Artificial kidneys nearly set to end transplantation crisis: expert

By Anup Khastagir

DHAKA, Jan 30, 2017 (BSS) - As renal ailments appear as one of the world's worst health issue, an intensive research project led by a Bangladeshi born US bioengineer suggests, artificial kidney at an affordable cost is expected to put an end to worries of millions by 2020.

Talking to BSS on the sidelines of an international renal conference in India's Chennai, 48-year-old Dr Shuvo Roy today said the artificial kidneys were expected to complete a three-year clinical trial on human in 2020 after experiments on large animals yielded "very positive results".

Roy said for the past 15 years his team comprising doctors spearheaded a rigorous research which now reached its "final stage" to bring a permanent solution to acute kidney failures or End Stage Renal Disease (ESRD).

"The surgically implantable artificial kidney is a promising alternative to kidney transplantation or dialysis for people with ESRD," said Roy, who is now on a visit to South Asia.

The coffee-cup-sized device, he said, would be embedded inside human body while it was designed to be connected internally to the patients' blood supply and bladder and implanted near their damaged kidneys, which would be kept in place.

Asked about the affordability of artificial kidneys Roy said, the price of the biomechanical device was expected to be much lower than the cost of kidney transplantation or dialysis.

"The device will perform most of the biological functions of the human kidney in producing hormone, controlling blood pressure and blood purification," he said.

Roy said the artificial kidneys were expected to permanently heal ESRD patients making redundant the dialysis system for a temporary relief from renal ailments as they eventually require kidney transplantations.

"The reality is that the number of kidney donors are very limited compared to the number of patients requiring the implantation while such process is legally and medically complicated and costs high," he said.

Roy added: "The artificial kidney is meant to be permanent and that is what our efforts are pushing towards . . . Our experiments suggest the device will functionally operate for many years, without failure."

Even in case of any failure of the artificial device, he said, replacement of its filter and or cells would involve a "minimal invasive surgery".

A professor of Department of Bioengineering and Therapeutic Sciences of University of California, San Francisco (UCSF), Roy now leads the multi-institutional collaborative kidney project at UCSF as the technical director while Dr William Fissell, an associate professor in the Department of Medicine at Vanderbilt, works as its medical director.

Eldest among two sons and one daughter of physician Dr Ashoke Roy and Ranta Dutta of Chittagong, Roy was born 1969 in Dhaka and had his elementary schooling in Siddeswari of the capital.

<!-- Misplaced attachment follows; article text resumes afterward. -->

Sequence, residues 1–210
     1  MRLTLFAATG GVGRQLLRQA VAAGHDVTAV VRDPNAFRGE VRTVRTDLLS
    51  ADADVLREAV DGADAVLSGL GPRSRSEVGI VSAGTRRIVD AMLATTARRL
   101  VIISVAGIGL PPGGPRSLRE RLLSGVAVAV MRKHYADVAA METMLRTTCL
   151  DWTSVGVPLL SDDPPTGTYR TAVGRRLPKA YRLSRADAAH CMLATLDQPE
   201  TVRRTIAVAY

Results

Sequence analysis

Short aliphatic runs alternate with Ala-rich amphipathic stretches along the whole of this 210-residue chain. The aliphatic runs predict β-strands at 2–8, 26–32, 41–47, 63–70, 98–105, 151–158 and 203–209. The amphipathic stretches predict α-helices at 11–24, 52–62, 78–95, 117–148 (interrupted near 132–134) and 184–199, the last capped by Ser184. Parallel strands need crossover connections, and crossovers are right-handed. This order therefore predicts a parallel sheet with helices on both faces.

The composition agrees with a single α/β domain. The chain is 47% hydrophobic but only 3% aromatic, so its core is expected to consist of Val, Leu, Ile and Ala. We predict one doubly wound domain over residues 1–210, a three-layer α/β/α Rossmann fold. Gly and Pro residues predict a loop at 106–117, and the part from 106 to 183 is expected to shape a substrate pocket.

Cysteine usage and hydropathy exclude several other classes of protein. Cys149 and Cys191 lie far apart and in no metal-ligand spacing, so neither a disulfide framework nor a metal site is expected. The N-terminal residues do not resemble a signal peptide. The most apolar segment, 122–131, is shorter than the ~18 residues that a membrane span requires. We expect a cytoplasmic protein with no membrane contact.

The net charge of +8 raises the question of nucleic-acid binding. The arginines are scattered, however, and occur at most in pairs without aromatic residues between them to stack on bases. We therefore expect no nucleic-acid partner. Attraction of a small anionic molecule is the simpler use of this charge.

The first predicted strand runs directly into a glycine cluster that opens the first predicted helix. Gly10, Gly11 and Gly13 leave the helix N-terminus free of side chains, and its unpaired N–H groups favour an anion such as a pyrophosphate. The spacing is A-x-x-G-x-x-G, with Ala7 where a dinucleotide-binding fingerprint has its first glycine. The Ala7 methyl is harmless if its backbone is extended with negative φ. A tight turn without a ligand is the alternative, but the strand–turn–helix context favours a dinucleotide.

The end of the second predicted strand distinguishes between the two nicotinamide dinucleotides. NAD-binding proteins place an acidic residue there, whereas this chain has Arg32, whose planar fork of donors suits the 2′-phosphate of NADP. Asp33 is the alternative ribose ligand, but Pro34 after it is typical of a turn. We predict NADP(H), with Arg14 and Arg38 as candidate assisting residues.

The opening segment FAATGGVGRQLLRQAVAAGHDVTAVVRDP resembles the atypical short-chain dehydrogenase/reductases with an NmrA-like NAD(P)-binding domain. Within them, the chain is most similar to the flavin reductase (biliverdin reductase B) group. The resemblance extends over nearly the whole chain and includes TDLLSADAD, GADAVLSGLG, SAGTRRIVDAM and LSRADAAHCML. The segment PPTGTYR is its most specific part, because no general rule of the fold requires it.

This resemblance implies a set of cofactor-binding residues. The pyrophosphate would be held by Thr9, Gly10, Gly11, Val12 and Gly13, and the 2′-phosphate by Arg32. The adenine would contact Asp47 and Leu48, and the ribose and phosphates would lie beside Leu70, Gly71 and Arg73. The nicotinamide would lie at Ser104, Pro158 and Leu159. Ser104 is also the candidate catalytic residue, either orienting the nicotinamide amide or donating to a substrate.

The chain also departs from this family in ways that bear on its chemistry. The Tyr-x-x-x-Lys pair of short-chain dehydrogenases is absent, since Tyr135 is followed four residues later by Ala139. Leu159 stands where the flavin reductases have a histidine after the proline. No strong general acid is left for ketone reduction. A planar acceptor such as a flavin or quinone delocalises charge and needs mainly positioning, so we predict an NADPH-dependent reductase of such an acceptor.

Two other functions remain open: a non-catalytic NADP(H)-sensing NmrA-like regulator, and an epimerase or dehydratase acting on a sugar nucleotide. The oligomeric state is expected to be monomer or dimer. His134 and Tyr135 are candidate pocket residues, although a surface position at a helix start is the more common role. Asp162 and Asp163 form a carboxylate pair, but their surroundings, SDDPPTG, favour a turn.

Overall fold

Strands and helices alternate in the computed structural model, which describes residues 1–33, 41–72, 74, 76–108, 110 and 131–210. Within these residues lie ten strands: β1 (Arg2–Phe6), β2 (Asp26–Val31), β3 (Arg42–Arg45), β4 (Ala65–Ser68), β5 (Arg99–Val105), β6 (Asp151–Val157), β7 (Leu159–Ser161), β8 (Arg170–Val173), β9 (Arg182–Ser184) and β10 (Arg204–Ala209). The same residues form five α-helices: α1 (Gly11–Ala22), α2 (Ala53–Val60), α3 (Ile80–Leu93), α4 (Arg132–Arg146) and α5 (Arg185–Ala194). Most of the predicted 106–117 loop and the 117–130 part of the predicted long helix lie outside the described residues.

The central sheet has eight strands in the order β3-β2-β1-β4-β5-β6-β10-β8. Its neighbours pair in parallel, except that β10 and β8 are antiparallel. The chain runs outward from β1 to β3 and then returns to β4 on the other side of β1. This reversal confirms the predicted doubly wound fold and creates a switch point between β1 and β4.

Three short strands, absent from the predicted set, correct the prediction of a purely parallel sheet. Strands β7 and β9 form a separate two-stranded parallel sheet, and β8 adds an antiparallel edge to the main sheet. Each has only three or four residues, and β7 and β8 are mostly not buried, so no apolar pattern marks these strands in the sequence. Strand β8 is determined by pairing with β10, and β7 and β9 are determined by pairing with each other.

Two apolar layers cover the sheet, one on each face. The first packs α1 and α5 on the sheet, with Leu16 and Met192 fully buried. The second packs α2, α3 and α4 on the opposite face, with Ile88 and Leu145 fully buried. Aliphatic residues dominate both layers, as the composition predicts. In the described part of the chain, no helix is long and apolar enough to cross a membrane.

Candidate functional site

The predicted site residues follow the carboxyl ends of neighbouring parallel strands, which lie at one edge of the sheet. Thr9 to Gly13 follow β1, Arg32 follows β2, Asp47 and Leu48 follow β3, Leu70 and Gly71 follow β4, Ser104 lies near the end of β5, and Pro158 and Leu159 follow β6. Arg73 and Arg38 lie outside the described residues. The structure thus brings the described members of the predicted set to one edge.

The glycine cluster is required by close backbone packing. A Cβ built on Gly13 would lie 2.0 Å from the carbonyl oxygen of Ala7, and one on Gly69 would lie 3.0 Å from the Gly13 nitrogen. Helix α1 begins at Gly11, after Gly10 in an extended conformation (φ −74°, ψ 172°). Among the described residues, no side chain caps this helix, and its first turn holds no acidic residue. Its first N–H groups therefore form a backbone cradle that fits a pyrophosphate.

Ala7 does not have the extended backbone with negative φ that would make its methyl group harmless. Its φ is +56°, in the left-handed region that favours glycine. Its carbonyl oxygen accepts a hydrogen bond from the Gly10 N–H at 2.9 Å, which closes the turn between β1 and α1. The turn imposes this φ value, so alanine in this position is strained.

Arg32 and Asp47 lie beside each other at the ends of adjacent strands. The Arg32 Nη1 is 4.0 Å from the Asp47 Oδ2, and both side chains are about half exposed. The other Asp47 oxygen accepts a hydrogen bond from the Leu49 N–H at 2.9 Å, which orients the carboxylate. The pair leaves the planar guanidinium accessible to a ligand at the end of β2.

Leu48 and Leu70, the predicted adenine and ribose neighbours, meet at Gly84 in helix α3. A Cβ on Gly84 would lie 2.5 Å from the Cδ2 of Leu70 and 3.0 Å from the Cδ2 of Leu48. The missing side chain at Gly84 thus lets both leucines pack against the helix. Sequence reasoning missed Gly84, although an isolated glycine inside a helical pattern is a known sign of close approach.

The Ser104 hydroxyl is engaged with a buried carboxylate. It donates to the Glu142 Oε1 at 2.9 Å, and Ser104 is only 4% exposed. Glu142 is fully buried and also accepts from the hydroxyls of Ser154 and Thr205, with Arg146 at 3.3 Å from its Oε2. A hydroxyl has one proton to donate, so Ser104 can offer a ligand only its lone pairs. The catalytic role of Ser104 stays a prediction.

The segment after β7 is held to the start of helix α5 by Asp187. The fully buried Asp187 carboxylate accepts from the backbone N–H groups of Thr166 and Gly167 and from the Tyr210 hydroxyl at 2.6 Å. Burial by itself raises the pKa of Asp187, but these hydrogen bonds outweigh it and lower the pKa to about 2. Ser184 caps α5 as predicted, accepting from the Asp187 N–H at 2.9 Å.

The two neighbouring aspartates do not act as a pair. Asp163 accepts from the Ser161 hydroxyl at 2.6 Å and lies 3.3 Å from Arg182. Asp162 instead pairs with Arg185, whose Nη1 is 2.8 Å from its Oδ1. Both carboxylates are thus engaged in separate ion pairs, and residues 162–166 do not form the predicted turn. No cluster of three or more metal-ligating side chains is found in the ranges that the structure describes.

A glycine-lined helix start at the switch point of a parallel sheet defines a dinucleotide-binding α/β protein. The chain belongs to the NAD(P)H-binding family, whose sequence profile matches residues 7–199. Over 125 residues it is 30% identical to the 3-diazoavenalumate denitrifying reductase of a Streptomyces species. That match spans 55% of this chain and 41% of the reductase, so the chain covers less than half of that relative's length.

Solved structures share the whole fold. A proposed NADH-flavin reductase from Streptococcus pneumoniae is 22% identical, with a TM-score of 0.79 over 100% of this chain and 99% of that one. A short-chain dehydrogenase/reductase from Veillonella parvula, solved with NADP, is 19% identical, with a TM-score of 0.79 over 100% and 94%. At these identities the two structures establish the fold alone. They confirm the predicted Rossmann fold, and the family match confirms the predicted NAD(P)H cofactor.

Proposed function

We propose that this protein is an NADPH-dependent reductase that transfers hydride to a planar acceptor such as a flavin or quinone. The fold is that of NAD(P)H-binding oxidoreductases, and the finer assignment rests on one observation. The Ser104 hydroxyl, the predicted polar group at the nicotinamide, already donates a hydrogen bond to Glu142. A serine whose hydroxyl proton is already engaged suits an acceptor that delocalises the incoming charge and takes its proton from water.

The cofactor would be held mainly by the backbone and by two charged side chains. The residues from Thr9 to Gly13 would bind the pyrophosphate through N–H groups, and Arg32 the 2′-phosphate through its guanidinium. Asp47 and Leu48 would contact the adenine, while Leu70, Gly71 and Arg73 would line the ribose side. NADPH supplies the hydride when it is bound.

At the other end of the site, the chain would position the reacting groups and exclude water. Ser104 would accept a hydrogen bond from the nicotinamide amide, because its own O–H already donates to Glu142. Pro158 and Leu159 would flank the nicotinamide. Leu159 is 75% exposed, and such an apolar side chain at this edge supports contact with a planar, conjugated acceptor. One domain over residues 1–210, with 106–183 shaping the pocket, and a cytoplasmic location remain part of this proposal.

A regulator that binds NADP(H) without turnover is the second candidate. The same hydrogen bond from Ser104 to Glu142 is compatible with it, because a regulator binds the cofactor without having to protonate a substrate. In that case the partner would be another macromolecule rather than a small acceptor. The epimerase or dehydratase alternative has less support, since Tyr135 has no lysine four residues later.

Roy had his secondary school education in Uganda as after the independence, as his father went there as a member of a Bangladeshi medical team sent by Bangabandhu Sheikh Mujibur Rahman at the request of the than Ugandan president Idi Amin.

On completion of school studies Roy shifted to northern Ohio State of the United States and completed his post graduation in applied physics.

"If we do not encounter any unanticipated development challenges, we expect to have a device ready for Clinical Trials by the end of 2017 and it will be completed by 2020 (and) unlike human kidney transplant recipients, patients with the implantable artificial kidney will not require immunosuppressive therapy," Roy said.

He said during the clinical trials his team would simultaneously work with potential manufacturers of the device to discuss about its production and management and "once the clinical trials are complete, the device will be immediately available for patients".

According to health experts and statistics the number of individuals diagnosed with kidney failure is growing year-over-year across the world while high blood pressure and diabetes were frequently found to be associated with kidney failures.

More than 615,000 people now are being treated for kidney failure in the United States alone costing the country's healthcare system $40 billion annually and accounts for more than seven percent of Medicare spending.

According to the Bangladesh Kidney Foundation, Bangladesh is one the countries with high prevalence of "chronic kidney disease" where about two crore people are now somehow suffering from kidney ailments while the figure was about one crore 10 years ago.

It says one in every seven people in the country suffers from kidney diseases and 40,000 die of longtime kidney failures annually and most of the patients die as they visibly cannot afford the treatment cost.

Source: Bangladesh Sangbad Sangstha (BSS)